I first heard The Weakerthans in 2002, when we were in school in DC for the semester, working on this record — I mean studying. One of Steve’s roommates convinced us to go with him to a show at the Black Cat, and I figured it would be cool to get out and do something with other people, since I had been in college for two years at that point and never tried that.
It’s always weird to see a band you don’t know anything about but like immediately, particularly if that band is The Weakerthans, and a decent chunk of their appeal comes from their lyrics (which you don’t know, and can’t really understand live unless you do know them). So I thought — hey, this band is actually really good — and then went home and promptly forgot about them.
Very soon after that, the band released “Reconstruction Site”, which I found on the rack at the radio station doing our weekly show back in Richmond. It was really good; immediately accessible, simple but well-thought out arrangements, and of course, really deep, interesting narratives. I had no idea just HOW deep and intricately constructed all of that was at first (read the wikipedia page), but figuring it out just made me like the record even more over the years.
Reconstruction Site is also one of those very rare albums where it feels really long, but never boring. Obviously that’s no small feat, and they completely avoid the eighth/ninth-song-doldrums that I always have trouble getting past when I make albums. Anyways, the point is that I really, really like this thing, and as the time goes by, I only like it more. Four years later, they released a follow-up, called “Reunion Tour”, which — being lazy and cheap — I never bought until about two weeks ago when I needed something new to do work to. After a week of listening, I’m actually a little disappointed. I definitely like the album, but it’s a shorter, more experimental record and probably by necessity, it’s just a different, less epic experience than its predecessor.
… except for one thing. On Reconstruction Site, there is a GREAT song from the perspective of a depressed person’s cat, called “Plea From a Cat Named Virtute”. Musically, it’s super catchy and upbeat, easy to follow, and one of my favorites on the record, with a giant climax of a bridge, and basically everything you could really want from a non-pretentious, energetic indie rock song. I knew all this when I first heard it, and of course back then, I had never had a pet, let alone a cat.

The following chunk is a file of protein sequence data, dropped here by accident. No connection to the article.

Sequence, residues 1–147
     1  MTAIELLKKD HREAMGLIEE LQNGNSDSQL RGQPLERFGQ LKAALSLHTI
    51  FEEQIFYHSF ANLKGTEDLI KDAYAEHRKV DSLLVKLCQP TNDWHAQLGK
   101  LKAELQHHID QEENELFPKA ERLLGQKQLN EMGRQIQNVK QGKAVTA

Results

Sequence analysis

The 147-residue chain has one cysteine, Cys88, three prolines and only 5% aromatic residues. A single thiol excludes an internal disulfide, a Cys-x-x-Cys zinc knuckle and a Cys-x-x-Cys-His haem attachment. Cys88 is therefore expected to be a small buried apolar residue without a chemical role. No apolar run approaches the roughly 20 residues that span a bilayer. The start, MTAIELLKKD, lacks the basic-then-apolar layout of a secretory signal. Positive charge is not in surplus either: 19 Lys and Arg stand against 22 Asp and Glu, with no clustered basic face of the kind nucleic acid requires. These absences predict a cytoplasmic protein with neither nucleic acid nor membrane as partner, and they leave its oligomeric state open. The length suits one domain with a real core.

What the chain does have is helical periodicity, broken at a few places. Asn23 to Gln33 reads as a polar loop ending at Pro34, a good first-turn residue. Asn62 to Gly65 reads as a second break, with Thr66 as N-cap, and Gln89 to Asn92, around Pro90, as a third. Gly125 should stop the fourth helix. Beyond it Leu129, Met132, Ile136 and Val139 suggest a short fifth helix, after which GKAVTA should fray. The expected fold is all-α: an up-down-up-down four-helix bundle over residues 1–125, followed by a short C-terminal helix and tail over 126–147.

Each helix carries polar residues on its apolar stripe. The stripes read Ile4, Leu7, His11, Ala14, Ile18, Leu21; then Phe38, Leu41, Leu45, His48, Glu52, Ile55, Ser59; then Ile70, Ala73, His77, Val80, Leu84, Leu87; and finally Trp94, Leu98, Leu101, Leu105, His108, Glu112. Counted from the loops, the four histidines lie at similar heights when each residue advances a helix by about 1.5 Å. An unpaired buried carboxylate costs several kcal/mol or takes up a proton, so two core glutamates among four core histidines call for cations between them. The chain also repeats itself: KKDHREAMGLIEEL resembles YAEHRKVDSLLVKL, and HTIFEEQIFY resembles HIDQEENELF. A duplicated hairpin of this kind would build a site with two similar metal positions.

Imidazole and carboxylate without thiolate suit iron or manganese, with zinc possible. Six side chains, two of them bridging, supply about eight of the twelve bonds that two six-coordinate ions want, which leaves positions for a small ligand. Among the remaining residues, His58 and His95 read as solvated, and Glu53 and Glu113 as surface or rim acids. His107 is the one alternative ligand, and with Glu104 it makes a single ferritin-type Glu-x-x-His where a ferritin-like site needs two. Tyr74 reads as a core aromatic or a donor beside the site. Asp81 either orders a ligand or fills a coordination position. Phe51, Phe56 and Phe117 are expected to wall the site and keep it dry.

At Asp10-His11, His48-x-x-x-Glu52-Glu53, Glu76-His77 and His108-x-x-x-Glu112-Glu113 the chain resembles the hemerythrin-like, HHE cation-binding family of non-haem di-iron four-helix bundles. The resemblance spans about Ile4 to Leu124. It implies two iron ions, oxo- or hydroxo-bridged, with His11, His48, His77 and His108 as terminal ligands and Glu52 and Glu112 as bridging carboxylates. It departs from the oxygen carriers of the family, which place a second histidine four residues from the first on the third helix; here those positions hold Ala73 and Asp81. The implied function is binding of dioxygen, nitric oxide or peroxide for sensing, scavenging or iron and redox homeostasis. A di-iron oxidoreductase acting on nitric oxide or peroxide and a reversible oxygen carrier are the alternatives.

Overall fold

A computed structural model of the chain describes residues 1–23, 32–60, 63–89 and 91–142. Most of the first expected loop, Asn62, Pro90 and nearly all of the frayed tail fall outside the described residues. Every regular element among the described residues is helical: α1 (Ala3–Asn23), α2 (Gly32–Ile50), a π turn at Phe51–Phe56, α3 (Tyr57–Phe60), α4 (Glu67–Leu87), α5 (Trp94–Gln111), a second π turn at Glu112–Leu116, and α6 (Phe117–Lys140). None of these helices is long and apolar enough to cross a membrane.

But man, if you DO get a cat, and you actually like him, this song takes on a whole new significance. As I’ve written many, many times, I spent most of 2006-2007 jobless and lying on the floor in my smelly, cold basement being depressed and talking to young Coby the Cat, an experience that is probably a way more influential part of my life than anything like that really should be. Keeping that in mind, here are some lyrics, verbatim, from the aforementioned song:
“Why don’t you ever wanna play? I’m tired of this piece of string. You sleep as much as I do now, and you don’t eat much of anything.”
If Coby could speak English, this is exactly what he would have said in 2006.
“And listen… about those bitter songs you sing, they’re not helping anything. They won’t make you strong.”
WHAT THE… DID MY CAT WRITE THIS SONG???? He then goes on to describe this awesome party they should have, and all these people and animals they should invite, how he would cater it by killing birds and mice, and how much fun they could be having if they’d stop just moping around and feeling bad for themselves. But despite the silent pleading, I — I mean, the guy — doesn’t seem interested, leading to this harsh accusation:
“All you ever wanna do, is drink and watch TV… frankly that thing doesn’t really interest me. I swear I’m gonna bite you hard and taste your tinny blood, if you don’t stop the self-defeating lies you’ve been repeating since the day you brought me home… I know you’re strong.”